4 Ways to Prevent Business Owner Burnout



You don’t need anyone to tell you this, but you’ve got a lot to do. As a business owner, the buck ultimately stops with you: every decision, every responsibility… and all the stress.


You probably handle payroll, ordering, marketing/advertising, social media, and even clean up. When you run a business, you’ve got a hand in almost everything that goes on (in addition to executing your actual role).


If you’re like most owners or executives, the job never really stops. That’s especially true for those who have committed fully to the entrepreneur life. There’s a reason why the saying goes, “Entrepreneurs are the only people who will work 80 hours a week to avoid working 40 hours a week.”


You can handle it, so you cruise along, even loving the process. But life gets in the way. Your plate gets full, you miss the things you used to live for, or a difficult situation comes up.


That’s when you burn out.


Burnout is effectively a prolonged illness of attitude, and the recovery process is not easy or quick. So, the best way to conquer burnout is not to burn out in the first place.


Standard advice like maintaining a decent diet, getting enough activity/sleep, and making sure you take time for yourself and your family are all extremely useful -- but there are a few things you can do in your business to avoid burning out.


Get Comfortable with Trusting


It’s hard to get used to placing responsibility in others’ hands, but it’ll keep you sane. Doing everything yourself means absorbing every bit of responsibility; sharing the load means sharing responsibility, too. One of the best decisions you can make as an owner or executive is to identify employees you can trust with a particular task and put them in charge of it.


Employees like that, too. Survey data on employee satisfaction shows that most people want their jobs to come with more autonomy and agency. You need less to worry about and they want more control. It’s a no-brainer.


Ask for Help


For self-starters and confident leaders, asking for help can be one of the toughest things to do -- especially when you know you’re capable of getting it done on your own.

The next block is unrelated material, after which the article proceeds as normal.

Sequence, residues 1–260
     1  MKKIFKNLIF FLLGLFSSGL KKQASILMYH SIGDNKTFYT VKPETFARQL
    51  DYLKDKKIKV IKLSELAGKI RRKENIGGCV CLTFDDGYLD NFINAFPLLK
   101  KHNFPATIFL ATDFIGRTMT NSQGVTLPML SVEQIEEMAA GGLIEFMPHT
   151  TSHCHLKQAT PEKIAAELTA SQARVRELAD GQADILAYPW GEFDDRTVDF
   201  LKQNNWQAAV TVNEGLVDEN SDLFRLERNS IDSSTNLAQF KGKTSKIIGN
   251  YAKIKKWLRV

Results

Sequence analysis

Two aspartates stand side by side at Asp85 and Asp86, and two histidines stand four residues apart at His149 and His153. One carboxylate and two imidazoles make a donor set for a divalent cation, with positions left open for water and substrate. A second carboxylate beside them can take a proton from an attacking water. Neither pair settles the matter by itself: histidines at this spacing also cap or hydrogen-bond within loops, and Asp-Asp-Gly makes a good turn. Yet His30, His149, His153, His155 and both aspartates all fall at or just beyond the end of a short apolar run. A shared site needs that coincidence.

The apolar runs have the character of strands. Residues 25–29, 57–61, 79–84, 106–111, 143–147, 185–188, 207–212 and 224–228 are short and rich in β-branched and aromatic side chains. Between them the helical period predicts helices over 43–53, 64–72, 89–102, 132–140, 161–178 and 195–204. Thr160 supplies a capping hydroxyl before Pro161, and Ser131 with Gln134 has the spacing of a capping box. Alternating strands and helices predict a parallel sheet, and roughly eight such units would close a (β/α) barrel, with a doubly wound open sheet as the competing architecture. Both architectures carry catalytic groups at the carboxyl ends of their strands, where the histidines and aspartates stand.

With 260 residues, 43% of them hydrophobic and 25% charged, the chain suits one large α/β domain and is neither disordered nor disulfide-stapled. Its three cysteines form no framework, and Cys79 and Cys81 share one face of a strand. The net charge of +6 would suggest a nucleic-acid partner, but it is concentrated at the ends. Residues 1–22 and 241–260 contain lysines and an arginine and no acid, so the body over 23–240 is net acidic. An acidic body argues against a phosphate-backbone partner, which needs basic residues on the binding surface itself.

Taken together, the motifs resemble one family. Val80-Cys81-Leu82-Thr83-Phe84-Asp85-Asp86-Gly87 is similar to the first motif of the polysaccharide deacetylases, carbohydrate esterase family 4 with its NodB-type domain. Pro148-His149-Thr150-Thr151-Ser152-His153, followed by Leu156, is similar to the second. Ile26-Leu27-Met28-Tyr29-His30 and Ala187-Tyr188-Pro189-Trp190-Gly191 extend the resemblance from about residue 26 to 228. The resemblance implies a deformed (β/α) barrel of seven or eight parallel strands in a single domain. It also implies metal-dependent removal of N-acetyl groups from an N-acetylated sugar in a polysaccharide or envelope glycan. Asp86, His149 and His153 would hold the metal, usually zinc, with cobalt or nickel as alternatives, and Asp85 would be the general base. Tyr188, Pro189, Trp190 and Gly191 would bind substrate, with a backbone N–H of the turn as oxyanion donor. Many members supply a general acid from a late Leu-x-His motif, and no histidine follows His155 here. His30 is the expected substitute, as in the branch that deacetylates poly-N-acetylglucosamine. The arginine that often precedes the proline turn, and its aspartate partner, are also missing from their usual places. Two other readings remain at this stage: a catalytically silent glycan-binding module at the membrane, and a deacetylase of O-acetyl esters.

But the reality is that your time and energy are limited. Do you really have time to pick up another language to make inroads into a new market? Are you going to wake up an extra hour earlier every day for 2 months to work toward your firm’s Google Partner certifications? You certainly could, but isn’t it smarter to ask an employee to augment their role or to hire someone who can do it? Or find a local business to partner with who complements your needs? Help is out there, so you might as well ask for it.


Talk to Other Owners


When you’re totally wrapped up in your business -- day and night -- it can feel like no one else understands your problems. How could they know exactly what stresses you out about a client, a co-worker, or some change in the market?


If you start talking to other business owners, you’ll find that they get it. Their situations will be different than yours, but you’ll find a lot of common ground. Being able to discuss problems and their solutions with people in similar positions releases pressure. Hit up your local Chamber of Commerce or a similar business-themed group and just start going to events. It’ll pay off, and you’ll also find that it feels pretty good to offer solutions you’ve acquired through your own difficult experiences to those in need.


Outsource Some Responsibility


Bootstrapping is great for getting off the ground. Running a lean operation is excellent for growth. But doing everything in-house isn’t an optimal long-term solution.


Professional employer organizations (PEOs) are a great option for handling payroll, benefits, hiring, and more -- but there are lots of opportunities to find capable partners to share a range of responsibilities. You can work with freelancers who provide excellent PR and marketing services. No matter what you do, there’s probably a local business who you can partner with for mutual benefit. If you’re in a city, there are definitely a host of options. Perhaps you can pay in kind, which gets you all the outsourcing you need without affecting your bottom line.


All four approaches are critical to succeeding in the marketplace, but the real benefit is in making sure you stay happy and productive. Open up with your co-workers, peers, and the providers around you, because the alternative puts you at serious risk for burning out. Once you burn out, it’s tough to get back in the game -- and you’ll know that stalling out was probably preventable.

Rodney Steele